The American Association for the Surgery of Trauma Organ Injury Scale 2018 update for computed tomography-based grading of renal trauma: a primer for the emergency radiologist

  • Ling-Chen ChienEmail author
  • Mona Vakil
  • Jonathan Nguyen
  • Amanda Chahine
  • Krystal Archer-Arroyo
  • Tarek N. Hanna
  • Keith D. Herr
Review Article


The most widely used trauma injury grading system is the Organ Injury Scale (OIS) by the American Association for the Surgery of Trauma (AAST). The AAST OIS for renal trauma was revised in 2018 to reflect necessary updates based on decades of experience with computed tomography (CT)–based injury diagnosis and, specifically, to better incorporate vascular injuries, which were not comprehensively addressed in the original OIS. In this review article, we describe CT findings of the AAST OIS for the kidney according to the 2018 revision, with an emphasis on real-world application, and highlight important differences from the prior grading scheme. Routine use of this grading system allows for a standardized classification of the range of renal injuries to aid in management, adding value in the imaging care of trauma patients.


Kidney Renal Trauma Injury Computed tomography 


Compliance with ethical standards

Conflict of interest

The authors declare that they have no conflict of interest.

Informed consent

This article contained no human subjects and is not primary research, and informed consent is not applicable in this situation.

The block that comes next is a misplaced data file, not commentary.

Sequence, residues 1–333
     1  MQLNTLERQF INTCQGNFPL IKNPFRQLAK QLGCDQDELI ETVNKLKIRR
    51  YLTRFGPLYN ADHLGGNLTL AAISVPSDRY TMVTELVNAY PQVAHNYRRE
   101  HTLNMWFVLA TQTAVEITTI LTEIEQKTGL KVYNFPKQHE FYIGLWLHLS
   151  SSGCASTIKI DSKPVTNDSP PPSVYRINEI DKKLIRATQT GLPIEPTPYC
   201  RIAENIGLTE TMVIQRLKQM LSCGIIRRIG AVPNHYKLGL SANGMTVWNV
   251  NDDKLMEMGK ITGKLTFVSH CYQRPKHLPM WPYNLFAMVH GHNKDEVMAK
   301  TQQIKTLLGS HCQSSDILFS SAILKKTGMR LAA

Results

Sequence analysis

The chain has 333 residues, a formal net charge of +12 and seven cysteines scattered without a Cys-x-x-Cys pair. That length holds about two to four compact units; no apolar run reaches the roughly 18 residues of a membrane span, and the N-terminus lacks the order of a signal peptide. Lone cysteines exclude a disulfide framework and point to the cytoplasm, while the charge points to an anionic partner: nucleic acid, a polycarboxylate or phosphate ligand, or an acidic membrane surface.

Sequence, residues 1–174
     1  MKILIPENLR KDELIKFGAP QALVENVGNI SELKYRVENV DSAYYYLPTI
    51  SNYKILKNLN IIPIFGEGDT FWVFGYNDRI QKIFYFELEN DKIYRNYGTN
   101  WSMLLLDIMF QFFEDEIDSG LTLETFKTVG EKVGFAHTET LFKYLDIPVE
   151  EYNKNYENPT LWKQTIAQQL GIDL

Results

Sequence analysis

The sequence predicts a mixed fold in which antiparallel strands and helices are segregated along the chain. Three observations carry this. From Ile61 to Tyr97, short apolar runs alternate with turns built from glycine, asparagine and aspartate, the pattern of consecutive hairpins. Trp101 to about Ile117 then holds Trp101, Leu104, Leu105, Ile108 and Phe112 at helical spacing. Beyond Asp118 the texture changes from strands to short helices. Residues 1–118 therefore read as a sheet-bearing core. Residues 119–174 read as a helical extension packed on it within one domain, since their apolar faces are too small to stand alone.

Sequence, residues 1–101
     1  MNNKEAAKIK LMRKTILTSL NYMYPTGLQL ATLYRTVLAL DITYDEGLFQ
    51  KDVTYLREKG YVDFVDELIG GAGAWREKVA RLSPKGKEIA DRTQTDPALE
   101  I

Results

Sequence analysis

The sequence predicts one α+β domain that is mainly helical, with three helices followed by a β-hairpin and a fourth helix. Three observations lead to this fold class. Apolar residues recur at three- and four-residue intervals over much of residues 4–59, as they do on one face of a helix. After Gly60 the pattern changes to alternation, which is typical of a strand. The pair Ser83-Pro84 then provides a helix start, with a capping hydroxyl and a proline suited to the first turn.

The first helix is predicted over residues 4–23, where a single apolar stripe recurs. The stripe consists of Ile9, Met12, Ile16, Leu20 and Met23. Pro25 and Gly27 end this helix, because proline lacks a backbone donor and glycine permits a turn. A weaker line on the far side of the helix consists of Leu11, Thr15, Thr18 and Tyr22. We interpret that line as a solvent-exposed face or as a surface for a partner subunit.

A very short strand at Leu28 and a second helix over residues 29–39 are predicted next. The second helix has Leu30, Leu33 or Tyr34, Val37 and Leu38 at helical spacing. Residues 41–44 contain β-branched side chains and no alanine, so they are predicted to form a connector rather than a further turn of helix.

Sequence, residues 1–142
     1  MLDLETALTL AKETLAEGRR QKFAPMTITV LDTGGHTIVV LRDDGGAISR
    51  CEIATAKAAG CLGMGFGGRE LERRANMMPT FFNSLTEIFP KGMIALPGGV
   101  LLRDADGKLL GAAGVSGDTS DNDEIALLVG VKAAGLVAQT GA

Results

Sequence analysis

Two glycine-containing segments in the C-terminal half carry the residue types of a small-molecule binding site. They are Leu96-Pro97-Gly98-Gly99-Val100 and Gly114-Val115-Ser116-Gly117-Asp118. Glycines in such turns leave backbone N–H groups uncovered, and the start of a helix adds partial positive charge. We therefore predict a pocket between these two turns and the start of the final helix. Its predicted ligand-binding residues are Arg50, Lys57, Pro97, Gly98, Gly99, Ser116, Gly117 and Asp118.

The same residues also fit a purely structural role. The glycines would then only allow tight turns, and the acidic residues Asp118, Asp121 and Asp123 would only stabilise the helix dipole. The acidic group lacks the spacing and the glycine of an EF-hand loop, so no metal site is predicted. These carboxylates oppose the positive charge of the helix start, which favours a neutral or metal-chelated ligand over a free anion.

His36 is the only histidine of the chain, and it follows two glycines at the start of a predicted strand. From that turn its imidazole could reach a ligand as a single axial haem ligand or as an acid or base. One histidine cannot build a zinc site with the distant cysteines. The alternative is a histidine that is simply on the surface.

1. 1.
    Moore EE, Shackford SR, Pachter HL, McAninch JW, Browner BD, Champion HR, Flint LM, Gennarelli TA, Malangoni MA, Ramenofsky ML et al (1989) Organ injury scaling: spleen, liver, and kidney. J Trauma 29(12):1664–1666Google Scholar
  2. 2.
    Moore EE, Cogbill TH, Jurkovich GJ, Shackford SR, Malangoni MA, Champion HR (1995) Organ injury scaling: spleen and liver (1994 revision). J Trauma 38(3):323–324Google Scholar
  3. 3.
    Chiron P, Hornez E, Boddaert G, Dusaud M, Bayoud Y, Molimard B, Desfemmes FR, Durand X (2016) Grade IV renal trauma management. A revision of the AAST renal injury grading scale is mandatory. Eur J Trauma Emerg Surg : official publication of the European Trauma Society 42(2):237–241. Google Scholar
  4. 4.
    Lee YJ, Oh SN, Rha SE, Byun JY (2007) Renal trauma. Radiol Clin N Am 45(3):581–592, ix. Google Scholar
  5. 5.
    Santucci RA, JW MA, Safir M, Mario LA, Service S, Segal MR (2001) Validation of the American Association for the Surgery of Trauma organ injury severity scale for the kidney. J Trauma 50(2):195–200Google Scholar
  6. 6.
    Buckley JC, McAninch JW (2011) Revision of current American Association for the Surgery of Trauma Renal Injury grading system. J Trauma 70(1):35–37. Google Scholar
  7. 7.
    Kozar RA, Crandall M, Shanmuganathan K, Zarzaur BL, Coburn M, Cribari C, Kaup K, Schuster K, Tominaga GT, Committee APA (2018) Organ injury scaling 2018 update: spleen, liver, and kidney. J Trauma Acute Care Surg 85(6):1119–1122. Google Scholar